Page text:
The preflight weather information in the briefing packet provided to the flight crew contained the actual and forecast weather for the departure, destination and alternate destination airports. The ONT Terminal Area Forecast (TAF) included in the document indicated the expected weather conditions for the flight's arrival were winds from 060 at 30 knots with gusts to 45 knots, visibility greater than 6 miles, and clear sky. The weather information provided also included a Pilot Report (PIREP) summary by state; no PIREPs were listed for the state of California. The document noted "no WSI hazardous weather" for the northwest U.S. as of 0600:24 and for the southwest U.S. as of 0600:25. (WSI Corporation provides weather information to Alaska Airlines.)

The following National Weather Service (NWS) Significant Meteorological Advisories (SIGMETs) included the Ontario area and were issued before the flight's departure:

SIGMET Victor 1 for Occasional Severe Turbulence below 12,000 feet was issued at 0200 and was valid until 0600. The turbulence encounter occurred within the area of this SIGMET.

SIGMET Victor 2 for Occasional Severe Turbulence below 12,000 feet was issued at 0600 and was valid until 1000. The turbulence encounter occurred within the area of this SIGMET.

These advisories were not included in the briefing packet.

In response to written questions, the flight's dispatcher stated that as the airplane was nearing ONT, "a WSI sigmet for MOD TURB [moderate turbulence] was issued for the SOCAL [Southern California] region. This was not unusual, considering the Santa Ana wind conditions reflected in the TAF." He further stated that the "WSI sigmet was transmitted to several aircraft approaching the SOCAL region, but apparently [the accident aircraft] was not one of them."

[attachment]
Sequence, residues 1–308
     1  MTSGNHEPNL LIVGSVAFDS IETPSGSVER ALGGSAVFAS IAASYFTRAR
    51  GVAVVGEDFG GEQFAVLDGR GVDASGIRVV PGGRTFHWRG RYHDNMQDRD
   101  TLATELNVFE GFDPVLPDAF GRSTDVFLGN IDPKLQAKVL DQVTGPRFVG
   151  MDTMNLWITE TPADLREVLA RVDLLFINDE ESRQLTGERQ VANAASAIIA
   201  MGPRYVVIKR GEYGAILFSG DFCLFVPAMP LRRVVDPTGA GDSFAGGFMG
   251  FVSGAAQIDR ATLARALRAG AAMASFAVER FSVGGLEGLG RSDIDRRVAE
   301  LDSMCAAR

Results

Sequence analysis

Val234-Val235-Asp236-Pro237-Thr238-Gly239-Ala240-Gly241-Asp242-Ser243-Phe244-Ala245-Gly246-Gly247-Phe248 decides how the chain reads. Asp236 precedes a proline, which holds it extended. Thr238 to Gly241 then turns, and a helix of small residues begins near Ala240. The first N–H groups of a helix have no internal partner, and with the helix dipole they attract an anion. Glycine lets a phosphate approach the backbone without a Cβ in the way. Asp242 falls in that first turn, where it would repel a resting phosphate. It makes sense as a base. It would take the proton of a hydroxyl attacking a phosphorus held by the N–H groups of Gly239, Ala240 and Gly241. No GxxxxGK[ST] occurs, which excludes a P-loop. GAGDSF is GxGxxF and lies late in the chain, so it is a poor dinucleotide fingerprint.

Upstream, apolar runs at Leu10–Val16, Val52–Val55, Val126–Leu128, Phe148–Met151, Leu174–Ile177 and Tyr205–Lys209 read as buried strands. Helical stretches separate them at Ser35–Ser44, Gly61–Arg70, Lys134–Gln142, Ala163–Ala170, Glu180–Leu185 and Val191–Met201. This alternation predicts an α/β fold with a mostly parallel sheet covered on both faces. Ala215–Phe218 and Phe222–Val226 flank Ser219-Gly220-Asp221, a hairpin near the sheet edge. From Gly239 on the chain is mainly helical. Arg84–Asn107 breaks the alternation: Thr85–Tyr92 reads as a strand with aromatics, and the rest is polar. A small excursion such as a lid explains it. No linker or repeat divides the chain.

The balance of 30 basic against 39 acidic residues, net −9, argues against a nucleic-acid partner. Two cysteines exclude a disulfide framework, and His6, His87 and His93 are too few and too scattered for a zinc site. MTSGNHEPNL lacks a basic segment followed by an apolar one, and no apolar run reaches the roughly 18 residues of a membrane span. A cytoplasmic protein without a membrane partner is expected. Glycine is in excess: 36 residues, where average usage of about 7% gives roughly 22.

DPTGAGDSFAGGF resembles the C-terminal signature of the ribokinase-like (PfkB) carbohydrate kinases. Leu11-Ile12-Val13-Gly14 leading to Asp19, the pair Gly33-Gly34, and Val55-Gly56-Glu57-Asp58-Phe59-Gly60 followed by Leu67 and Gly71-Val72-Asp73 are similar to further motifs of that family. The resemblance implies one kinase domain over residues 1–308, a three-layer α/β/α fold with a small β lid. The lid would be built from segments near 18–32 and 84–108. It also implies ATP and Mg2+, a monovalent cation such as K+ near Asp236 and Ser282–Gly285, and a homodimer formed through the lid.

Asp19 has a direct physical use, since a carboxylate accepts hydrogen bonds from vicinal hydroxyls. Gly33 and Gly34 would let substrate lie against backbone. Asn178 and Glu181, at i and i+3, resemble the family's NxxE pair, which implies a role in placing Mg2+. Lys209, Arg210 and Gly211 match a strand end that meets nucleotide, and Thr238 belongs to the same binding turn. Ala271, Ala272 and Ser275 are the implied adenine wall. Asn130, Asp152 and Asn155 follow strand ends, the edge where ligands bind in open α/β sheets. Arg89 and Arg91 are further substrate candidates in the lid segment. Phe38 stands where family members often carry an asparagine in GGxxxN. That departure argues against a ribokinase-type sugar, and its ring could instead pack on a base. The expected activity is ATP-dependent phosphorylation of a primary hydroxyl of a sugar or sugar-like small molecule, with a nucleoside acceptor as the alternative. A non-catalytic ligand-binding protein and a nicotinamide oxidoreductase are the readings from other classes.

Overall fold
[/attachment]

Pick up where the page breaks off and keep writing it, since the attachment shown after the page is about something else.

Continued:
For further weather information, see the Meteorology Factual Report in the public docket for this accident.

Review of 14 Code of Federal Regulations section 121.601 revealed that it requires an aircraft dispatcher, before beginning a flight, to provide the pilot in command with all available weather reports and forecasts of weather phenomena that may affect the safety of flight. This includes adverse weather phenomena, such as clear air turbulence, thunderstorms, and low altitude wind shear for each route flown and each airport used during flight. During the flight, the aircraft dispatcher must also provide the pilot in command any additional available information of meteorological conditions, and irregularities of facilities and services that may affect safety of flight.

The airplane was equipped with a flight data recorder (FDR), which was sent to the Safety Board's laboratory in Washington, DC, for readout. The FDR data indicates that the airplane experienced a vertical acceleration of +0.4 G to +1.9 G, or 1.5 G total change. The NWS uses the following changes in vertical acceleration to quantify the intensity of turbulence: Less than 0.5 G, light turbulence; 0.5 to 1.0 G, moderate turbulence; 1.0 to 2.0 G, severe turbulence; greater than 2.0 G, extreme turbulence. For further details of the data recorded by the FDR, see the public docket for this accident.